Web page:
Major work to clear a Warwick national park is under way after years of complaints about the area going to rot.
Workers at the Southlands Park have cleared the overgrowth on several dilapidated buildings as well as in fields, footpaths and roadside areas.
However, a spokesman for the Department of Public Works had not responded to requests for comment about the work or plans for the park as of press time last night.
The Government formally obtained the 37-acre Southlands estate in 2012 as part of a land swap involving 80 acres of brownfield land at Morgan’s Point.
The move was celebrated by environmentalists, who had campaigned since 2007 to protect the site from a hotel development.
The property was formally declared a national park in 2017 but, while several clean-ups have take place, concerns have been raised about the site falling into disrepair.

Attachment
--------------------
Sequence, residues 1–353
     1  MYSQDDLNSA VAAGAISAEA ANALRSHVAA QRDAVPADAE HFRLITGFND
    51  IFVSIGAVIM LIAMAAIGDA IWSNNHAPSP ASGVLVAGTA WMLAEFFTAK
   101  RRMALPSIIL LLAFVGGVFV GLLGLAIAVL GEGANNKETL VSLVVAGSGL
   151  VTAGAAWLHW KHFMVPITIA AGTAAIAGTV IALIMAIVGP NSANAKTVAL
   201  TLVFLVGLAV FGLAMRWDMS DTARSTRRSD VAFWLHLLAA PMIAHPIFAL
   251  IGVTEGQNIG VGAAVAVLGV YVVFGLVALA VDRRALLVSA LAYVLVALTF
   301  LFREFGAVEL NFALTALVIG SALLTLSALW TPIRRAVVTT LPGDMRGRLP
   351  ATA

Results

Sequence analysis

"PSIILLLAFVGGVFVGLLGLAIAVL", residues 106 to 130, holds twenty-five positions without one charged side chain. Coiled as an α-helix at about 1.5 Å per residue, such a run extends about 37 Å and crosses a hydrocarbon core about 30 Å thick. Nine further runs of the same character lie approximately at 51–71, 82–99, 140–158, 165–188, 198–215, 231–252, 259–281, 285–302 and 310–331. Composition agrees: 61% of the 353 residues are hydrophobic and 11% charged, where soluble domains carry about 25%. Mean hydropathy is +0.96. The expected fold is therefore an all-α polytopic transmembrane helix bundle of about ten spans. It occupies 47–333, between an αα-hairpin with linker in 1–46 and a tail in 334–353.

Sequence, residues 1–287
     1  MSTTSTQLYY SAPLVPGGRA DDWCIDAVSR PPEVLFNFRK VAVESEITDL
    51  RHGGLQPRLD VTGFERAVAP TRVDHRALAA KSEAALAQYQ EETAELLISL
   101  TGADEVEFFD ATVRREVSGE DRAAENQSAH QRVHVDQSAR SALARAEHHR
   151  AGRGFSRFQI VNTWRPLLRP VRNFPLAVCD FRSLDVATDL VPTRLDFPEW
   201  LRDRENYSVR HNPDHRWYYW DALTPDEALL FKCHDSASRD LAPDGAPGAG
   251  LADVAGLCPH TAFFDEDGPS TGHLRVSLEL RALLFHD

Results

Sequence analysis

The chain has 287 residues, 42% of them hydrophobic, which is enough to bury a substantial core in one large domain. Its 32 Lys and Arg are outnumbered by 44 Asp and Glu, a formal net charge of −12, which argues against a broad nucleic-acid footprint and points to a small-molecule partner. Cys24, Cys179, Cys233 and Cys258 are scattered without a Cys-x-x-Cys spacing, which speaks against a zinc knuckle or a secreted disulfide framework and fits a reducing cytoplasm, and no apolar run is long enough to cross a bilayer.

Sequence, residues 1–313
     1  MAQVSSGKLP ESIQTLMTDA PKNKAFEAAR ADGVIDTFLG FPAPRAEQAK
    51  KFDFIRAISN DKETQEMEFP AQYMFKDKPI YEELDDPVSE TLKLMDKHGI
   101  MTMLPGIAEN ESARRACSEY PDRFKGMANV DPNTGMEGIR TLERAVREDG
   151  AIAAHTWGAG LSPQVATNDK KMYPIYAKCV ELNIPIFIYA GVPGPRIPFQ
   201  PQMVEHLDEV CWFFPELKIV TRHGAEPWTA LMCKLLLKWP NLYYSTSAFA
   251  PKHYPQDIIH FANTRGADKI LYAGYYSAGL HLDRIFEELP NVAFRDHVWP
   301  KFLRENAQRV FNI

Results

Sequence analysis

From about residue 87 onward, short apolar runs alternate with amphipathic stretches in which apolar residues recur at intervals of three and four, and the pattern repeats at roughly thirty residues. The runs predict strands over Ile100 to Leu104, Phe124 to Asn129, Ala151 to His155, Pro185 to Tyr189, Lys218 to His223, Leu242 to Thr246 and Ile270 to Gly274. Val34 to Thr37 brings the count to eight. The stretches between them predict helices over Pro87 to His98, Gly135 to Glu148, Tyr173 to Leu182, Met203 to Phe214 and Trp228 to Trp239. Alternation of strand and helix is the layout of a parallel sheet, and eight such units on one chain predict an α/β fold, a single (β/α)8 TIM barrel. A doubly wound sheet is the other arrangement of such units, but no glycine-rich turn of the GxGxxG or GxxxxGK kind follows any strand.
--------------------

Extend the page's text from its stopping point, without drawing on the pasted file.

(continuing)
Invasive species such as Mexican pepper, Indian laurel and morning glory were in abundance at the site, with some of the plants growing into the dilapidated buildings.
Last year, the Government launched an online survey which asked the public to express their views about how the property could be improved.
The survey options include restrooms, a café, a restaurant, a visitor centre, gift shop, beach concession, picnic areas and if it should be pet friendly.
The survey also asks participants to rate possible uses in order of importance, including research and educational centres, weddings and events.
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The Royal Gazette, March 24, 2022